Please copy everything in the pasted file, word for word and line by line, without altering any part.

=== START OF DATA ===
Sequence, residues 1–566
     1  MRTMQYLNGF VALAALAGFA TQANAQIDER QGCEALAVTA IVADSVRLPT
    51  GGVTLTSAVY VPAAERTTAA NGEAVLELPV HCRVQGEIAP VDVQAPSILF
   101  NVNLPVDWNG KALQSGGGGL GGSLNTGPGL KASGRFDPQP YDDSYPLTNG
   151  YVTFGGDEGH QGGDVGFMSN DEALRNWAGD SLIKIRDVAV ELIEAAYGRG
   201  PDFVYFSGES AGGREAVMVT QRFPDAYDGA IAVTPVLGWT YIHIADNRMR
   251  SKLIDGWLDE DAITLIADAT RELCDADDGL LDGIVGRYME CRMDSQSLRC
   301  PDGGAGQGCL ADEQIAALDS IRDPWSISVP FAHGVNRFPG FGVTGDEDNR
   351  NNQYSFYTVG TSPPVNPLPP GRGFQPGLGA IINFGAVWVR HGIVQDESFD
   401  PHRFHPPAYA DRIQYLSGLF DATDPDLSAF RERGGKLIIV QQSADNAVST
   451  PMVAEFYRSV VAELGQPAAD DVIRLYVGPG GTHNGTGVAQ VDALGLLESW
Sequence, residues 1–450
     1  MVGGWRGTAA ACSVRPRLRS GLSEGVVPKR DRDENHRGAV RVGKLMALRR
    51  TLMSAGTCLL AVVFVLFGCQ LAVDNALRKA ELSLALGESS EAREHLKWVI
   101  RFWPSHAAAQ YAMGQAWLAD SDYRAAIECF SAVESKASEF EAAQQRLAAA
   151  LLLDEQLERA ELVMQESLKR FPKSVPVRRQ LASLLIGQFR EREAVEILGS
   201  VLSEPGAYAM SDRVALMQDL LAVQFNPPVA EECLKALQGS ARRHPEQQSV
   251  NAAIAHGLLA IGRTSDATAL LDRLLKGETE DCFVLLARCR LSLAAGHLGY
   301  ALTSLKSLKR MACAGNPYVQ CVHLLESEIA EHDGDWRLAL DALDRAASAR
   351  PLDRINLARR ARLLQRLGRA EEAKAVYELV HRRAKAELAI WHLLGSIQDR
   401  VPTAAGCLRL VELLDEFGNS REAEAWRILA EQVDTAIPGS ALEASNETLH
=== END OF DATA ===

Sequence, residues 1–566
     1  MRTMQYLNGF VALAALAGFA TQANAQIDER QGCEALAVTA IVADSVRLPT
    51  GGVTLTSAVY VPAAERTTAA NGEAVLELPV HCRVQGEIAP VDVQAPSILF
   101  NVNLPVDWNG KALQSGGGGL GGSLNTGPGL KASGRFDPQP YDDSYPLTNG
   151  YVTFGGDEGH QGGDVGFMSN DEALRNWAGD SLIKIRDVAV ELIEAAYGRG
   201  PDFVYFSGES AGGREAVMVT QRFPDAYDGA IAVTPVLGWT YIHIADNRMR
   251  SKLIDGWLDE DAITLIADAT RELCDADDGL LDGIVGRYME CRMDSQSLRC
   301  PDGGAGQGCL ADEQIAALDS IRDPWSISVP FAHGVNRFPG FGVTGDEDNR
   351  NNQYSFYTVG TSPPVNPLPP GRGFQPGLGA IINFGAVWVR HGIVQDESFD
   401  PHRFHPPAYA DRIQYLSGLF DATDPDLSAF RERGGKLIIV QQSADNAVST
   451  PMVAEFYRSV VAELGQPAAD DVIRLYVGPG GTHNGTGVAQ VDALGLLESW
Sequence, residues 1–450
     1  MVGGWRGTAA ACSVRPRLRS GLSEGVVPKR DRDENHRGAV RVGKLMALRR
    51  TLMSAGTCLL AVVFVLFGCQ LAVDNALRKA ELSLALGESS EAREHLKWVI
   101  RFWPSHAAAQ YAMGQAWLAD SDYRAAIECF SAVESKASEF EAAQQRLAAA
   151  LLLDEQLERA ELVMQESLKR FPKSVPVRRQ LASLLIGQFR EREAVEILGS
   201  VLSEPGAYAM SDRVALMQDL LAVQFNPPVA EECLKALQGS ARRHPEQQSV
   251  NAAIAHGLLA IGRTSDATAL LDRLLKGETE DCFVLLARCR LSLAAGHLGY
   301  ALTSLKSLKR MACAGNPYVQ CVHLLESEIA EHDGDWRLAL DALDRAASAR
   351  PLDRINLARR ARLLQRLGRA EEAKAVYELV HRRAKAELAI WHLLGSIQDR
   401  VPTAAGCLRL VELLDEFGNS REAEAWRILA EQVDTAIPGS ALEASNETLH